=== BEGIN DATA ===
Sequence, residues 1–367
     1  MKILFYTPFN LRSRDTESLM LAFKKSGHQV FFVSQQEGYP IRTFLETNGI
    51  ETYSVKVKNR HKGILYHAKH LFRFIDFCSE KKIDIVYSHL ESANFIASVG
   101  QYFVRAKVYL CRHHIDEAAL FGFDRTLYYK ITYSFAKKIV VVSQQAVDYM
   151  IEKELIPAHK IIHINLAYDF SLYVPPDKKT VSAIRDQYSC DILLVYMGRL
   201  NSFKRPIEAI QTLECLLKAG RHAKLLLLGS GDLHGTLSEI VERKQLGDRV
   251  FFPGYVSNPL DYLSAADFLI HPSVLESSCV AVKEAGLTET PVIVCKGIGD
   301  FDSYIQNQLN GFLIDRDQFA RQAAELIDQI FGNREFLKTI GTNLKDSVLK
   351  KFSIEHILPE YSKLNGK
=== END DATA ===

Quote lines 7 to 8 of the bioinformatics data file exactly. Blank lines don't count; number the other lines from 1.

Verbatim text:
   251  FFPGYVSNPL DYLSAADFLI HPSVLESSCV AVKEAGLTET PVIVCKGIGD
   301  FDSYIQNQLN GFLIDRDQFA RQAAELIDQI FGNREFLKTI GTNLKDSVLK